The Subjects Painters Choose
Have you ever wondered why painters decide to paint the subjects they choose? I have. Personally, I have never been a fan of Picasso’s or Pollock’s work. But does that mean it isn’t done well? Of course not. It was done exactly the way THEY wanted it done. Besides, I’m only one person out of billions of people who love the disjointed faces of Picasso or the wild splashes of color poured or drizzled onto Pollock’s canvases. You see, I believe that unless an artist tells someone why they paint the things they do the way they do, then all we are left with is speculation.
My favorite artist is Georgia O’Keeffe. I love all of what she did, although I wouldn’t hang all of it in my house. I love her flowers the most out of all her work. But her cow’s head paintings and some of her abstract work is very interesting. Even her cityscapes she did while she lived in New York are pretty intriguing to me. She really didn’t enjoy living in the city very much, so that’s why she painted the skies and accented the sunspots and clouds she saw. Georgia absolutely loved the outdoors. That’s why she ended up living out most of her later lifetime in New Mexico. She took long walks and found all kinds of things that interested her enough to make paintings of, mostly animal skulls and bones.
In Lovingly, Georgia, on pg. 92, she said, “I had been taught to work like others and after careful thinking I decided that I wasn’t going to spend my life doing what had already been done.”
Georgia knew from the time she was a young girl that she was going to be an artist. She was also fortunate enough to be able to attend art schools growing up. She taught art for several years, but she always knew she would become who she turned out to be.
In her autobiography Georgia said, “I said to myself, ‘I have things in my head that are not like what anyone has taught me — shapes and ideas so near to me — so natural to my way of being and thinking that it hasn’t occurred to me to put them down.'” (Georgia O’Keeffe, Georgia O’Keeffe)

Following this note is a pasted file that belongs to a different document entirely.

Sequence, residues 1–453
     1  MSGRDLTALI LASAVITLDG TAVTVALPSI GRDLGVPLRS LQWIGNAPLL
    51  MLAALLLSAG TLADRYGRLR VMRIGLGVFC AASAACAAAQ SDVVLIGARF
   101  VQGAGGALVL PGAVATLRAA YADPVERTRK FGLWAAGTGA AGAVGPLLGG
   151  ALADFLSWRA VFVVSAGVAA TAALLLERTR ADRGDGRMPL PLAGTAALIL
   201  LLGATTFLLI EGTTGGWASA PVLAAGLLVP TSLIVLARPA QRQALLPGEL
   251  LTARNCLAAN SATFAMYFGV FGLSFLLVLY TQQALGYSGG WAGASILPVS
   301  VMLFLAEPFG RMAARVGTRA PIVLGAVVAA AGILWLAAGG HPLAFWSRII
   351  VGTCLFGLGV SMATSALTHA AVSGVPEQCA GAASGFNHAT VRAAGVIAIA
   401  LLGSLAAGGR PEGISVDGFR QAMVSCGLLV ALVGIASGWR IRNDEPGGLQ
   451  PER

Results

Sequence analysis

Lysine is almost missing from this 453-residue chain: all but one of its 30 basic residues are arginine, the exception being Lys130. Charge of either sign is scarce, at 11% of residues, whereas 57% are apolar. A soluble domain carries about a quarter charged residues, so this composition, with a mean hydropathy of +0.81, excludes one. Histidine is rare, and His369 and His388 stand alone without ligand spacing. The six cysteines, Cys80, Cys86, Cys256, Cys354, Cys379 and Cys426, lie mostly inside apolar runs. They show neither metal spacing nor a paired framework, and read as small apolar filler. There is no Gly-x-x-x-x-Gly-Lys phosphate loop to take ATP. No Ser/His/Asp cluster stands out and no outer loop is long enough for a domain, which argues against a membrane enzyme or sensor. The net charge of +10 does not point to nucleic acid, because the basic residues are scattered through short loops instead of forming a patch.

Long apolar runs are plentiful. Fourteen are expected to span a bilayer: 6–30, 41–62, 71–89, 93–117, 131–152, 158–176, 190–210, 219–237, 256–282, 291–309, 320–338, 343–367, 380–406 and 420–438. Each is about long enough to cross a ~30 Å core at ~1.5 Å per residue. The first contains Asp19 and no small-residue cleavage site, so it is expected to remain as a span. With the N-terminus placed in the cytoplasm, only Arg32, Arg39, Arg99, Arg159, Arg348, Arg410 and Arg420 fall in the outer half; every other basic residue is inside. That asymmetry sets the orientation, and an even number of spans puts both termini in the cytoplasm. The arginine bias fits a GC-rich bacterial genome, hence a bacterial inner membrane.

Before I ever studied anything at all about art, I wasn’t even the least bit interested in going to a gallery or even drawing or painting myself. It wasn’t until I went to college at 30 years of age and took an Art History class that all of this was introduced to me. I didn’t become an artist until about ten years later! But what I learned there that I think has become the most valuable knowledge for me is not to be so quick to judge the artist just because what he or she has done may not be my own taste. I wouldn’t want people to do that with my art, but they probably have. In fact, I expect it really, especially from people who aren’t art lovers in the first place. Or from people who just love to be critical about everything. The people’s opinions I take to heart the most are other artists’. Others who have studied art or those naturally talented people who just do art of all kinds, but maybe have never even read anything about it. Those are the ones whose opinions I value most.
No one knows what is going on in an artist’s mind when they are creating. Only the artists themselves know this. A perfect example is Georgia O’Keeffe. Many of the male critics in her early years of fame assumed that all of her flower paintings were expressions of some hidden sexual ideas. At first, she felt offended by this. Over time, however, she didn’t care what people said about her. She chose to paint what she wanted and how she wanted it to be.
In a gallery brochure for fifty of her flower canvases that were being shown, she was defensive of her paintings and how many of them she was showing. She said in her autobiography, “Everyone has many associations with a flower. You put out your hand to touch it, or lean forward to smell it, or maybe touch it with your lips almost without thinking, or give it to someone to please them. But one rarely takes the time to really see a flower. I have painted what each flower is to me and I have painted it big enough so that others would see what I see.” (Georgia O’Keeffe, Georgia O’Keeffe, bold italics mine).
This is what I love about her. She took the time to tell us why she did the things she did. Some of her abstract art has this same line of reasoning. She did all of her painting so we could see the things she saw, the way she saw them.
So whether you are an art lover or not, the next time you see a piece you’ve never seen, don’t be too quick to judge it. If you can, take the time to learn about the artist. You might be surprised at what you find and end up respecting the piece. Or you might still hate it. And that’s okay (as long as you don’t tell the artist you hate it). Some artists can take that, I suppose, and don’t care what we think of their work. But most artists I’ve met are sensitive and just need that extra encouragement. Which would you rather be – someone who discourages others or an encourager? I’d rather be the latter.
Until next time, have a great summer day, and give someone you love a hug.